Creating Chords That Work In Any Song Style

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Piano keyboardIt’s possible to write really fantastic music with very few chords. Most songs in the pop genres use only four or five separate chords:

  • “Royals” (Lorde): D, C and G.
  • “Girls Chase Boys” (Ingrid Michaelson): Ab, Db, Fm and Eb.
  • “Rude” (Magic!): Gb, Ab, Bbm and Db

The question asked by many up-and-coming songwriters is: How do you find those chords, and how do you get them in the right order?

There are lots of ways to do it, thankfully, which keeps music interesting and songwriting fun. But if you’re really stuck, and would like to have a few hints, check out the following chord progression chart:

Chord Progression Formula suggestion

Here’s how it works:

  1. Song Form. This has been calculated for a verse-pre-chorus-chorus kind of song form, but it will also work if you decide to not use a pre-chorus.
  2. Creating Verse Progressions. In this formula, your verse will focus on the key of A minor. To create your progression, improvise by playing Am, then jump upward anywhere in the stack, and then make your way down as indicated by the arrows. That will give you lots of possible progressions: Am  Em  Am; Am  Dm  Em  Am; Am  F  G  Am, and so on. The chart ensures that Am remains a focus for your verse.
  3. Creating Pre-Chorus Progressions. Because in this plan your song chorus is going to wind up in C major, you’ll want your pre-chorus to target C major by focusing on its dominant chord: G. So that’s why G is placed prominently at the bottom, and will give you these possibilities: Dm  G; F  G;  C/E  F  G; etc.
  4. Creating Chorus Progressions. Now improvise your chorus progressions in the same way, using C as your tonic chord.

This chart is not meant, of course, to imply that it’s the only way to create chords for a song. It’s just one suggested way of working that should yield some useful results. Feel free to experiment as much as possible, and don’t feel that you must follow the dictates of the chart.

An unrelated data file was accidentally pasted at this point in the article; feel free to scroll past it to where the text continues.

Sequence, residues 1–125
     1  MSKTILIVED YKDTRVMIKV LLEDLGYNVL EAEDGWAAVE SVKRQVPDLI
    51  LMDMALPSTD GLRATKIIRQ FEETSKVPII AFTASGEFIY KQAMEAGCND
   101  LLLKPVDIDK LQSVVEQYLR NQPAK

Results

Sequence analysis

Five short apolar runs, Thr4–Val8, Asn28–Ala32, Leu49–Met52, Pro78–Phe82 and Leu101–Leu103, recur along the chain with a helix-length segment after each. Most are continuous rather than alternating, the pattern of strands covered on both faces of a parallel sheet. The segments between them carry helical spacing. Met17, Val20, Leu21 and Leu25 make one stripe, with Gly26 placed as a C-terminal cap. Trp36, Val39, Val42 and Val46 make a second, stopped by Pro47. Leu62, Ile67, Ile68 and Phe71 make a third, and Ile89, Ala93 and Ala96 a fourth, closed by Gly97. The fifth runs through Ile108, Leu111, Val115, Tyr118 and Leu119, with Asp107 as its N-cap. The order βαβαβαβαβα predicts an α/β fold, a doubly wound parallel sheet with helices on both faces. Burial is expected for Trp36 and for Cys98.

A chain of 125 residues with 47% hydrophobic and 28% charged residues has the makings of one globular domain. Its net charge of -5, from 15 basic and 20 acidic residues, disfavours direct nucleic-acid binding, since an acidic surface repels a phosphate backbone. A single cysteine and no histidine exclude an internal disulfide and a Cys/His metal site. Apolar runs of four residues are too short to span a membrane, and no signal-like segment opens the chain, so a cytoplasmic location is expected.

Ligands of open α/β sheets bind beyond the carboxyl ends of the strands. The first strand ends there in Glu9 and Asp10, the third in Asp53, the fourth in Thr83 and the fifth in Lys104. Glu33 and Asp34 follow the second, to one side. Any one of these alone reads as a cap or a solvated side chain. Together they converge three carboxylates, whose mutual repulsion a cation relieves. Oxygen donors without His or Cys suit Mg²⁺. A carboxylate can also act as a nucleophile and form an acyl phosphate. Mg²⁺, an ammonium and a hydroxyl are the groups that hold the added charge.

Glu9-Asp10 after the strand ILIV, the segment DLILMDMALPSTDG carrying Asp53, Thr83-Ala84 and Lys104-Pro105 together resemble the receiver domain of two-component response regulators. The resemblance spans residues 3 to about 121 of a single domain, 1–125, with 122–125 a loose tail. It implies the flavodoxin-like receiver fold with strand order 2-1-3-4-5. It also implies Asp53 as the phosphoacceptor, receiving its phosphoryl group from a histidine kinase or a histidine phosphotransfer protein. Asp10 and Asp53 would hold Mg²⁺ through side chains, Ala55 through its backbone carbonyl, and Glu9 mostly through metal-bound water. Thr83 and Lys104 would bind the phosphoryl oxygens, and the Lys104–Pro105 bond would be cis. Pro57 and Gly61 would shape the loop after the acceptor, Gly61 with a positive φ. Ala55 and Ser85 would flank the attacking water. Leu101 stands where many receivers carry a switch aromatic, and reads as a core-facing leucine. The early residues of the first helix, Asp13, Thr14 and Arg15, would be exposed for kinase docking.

The best use of this chart is as a starting point, getting you going in the right direction. As you generate chord ideas, you’ll probably find that your musical imagination will start filling in the blanks, and you can happily abandon the chart at that point.

Don’t forget that the chart is transposable to any key. I haven’t taken the time to use Roman numerals here, but if you want a refresher on how to transpose using Roman numerals, read this post.


Gary EwerWritten by Gary Ewer. Follow on Twitter.

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  1. Hey, thats a great article. For me this is great, as some people are talented, they just go with it… i need the theory, and to be honest i have played guitar for years, but because of lack of theory such as the above one, im missing a lot

  2. Pingback: A Chart For Creating Bridge Chord Progressions | The Essential Secrets of Songwriting Blog

  3. Gary,

    I love this chart. I immediately made a screen grab and added in the Roman numerals. I’m wondering, do you have a version that addresses the chords in the bridge? Also one for chord progressions in a minor key, or when the verse is minor and the chorus is major? I know you’ve written articles about those …just wondering if there are ‘cheat sheet’ charts to go with. Your blog has helped me so much. Thank you for writing it.

    • Hi Beth:

      I don’t think I’ve specifically done one for the bridge, but I’d be interested in working one out in the coming days, possibly within the next week. Glad you’ve found it useful.


    • Hi Tom:

      Along with the explanation I gave sample progressions that would result from the chart. Can you tell me what part of the explanation is confusing? I’m happy to help.


      • Hi Gary,

        Thanks for responding 🙂

        I’m really not sure what the arrows in the chart are meant to represent; how they relate to the chords that they point to. I can’t seem to see much relationship with what you describe in the text following the chart.

        Also, do you mean for each section to finish on the chord in focus – i.e. the verse to finish on the Am, the pre-chorus to finish on the G and the Chorus to finish on the C?


        • Hi Tom:

          The arrows are simply meant to suggest a possible direction for you as you choose your next chord. For example, in the verse chart, you could move back and forth from Dm to F, as the arrows suggest. Then you could move down to an Em, then follow the arrow down to Am.

          It’s a good idea to finish each section with the chord in focus, though this isn’t a rule. At any point when the feeling hits you, you can start in on your chorus or pre-chorus. Remember, this chart wasn’t meant to be a list of rules. It was simply a guide for suggesting some of the possibilities.

          Hope this helps,

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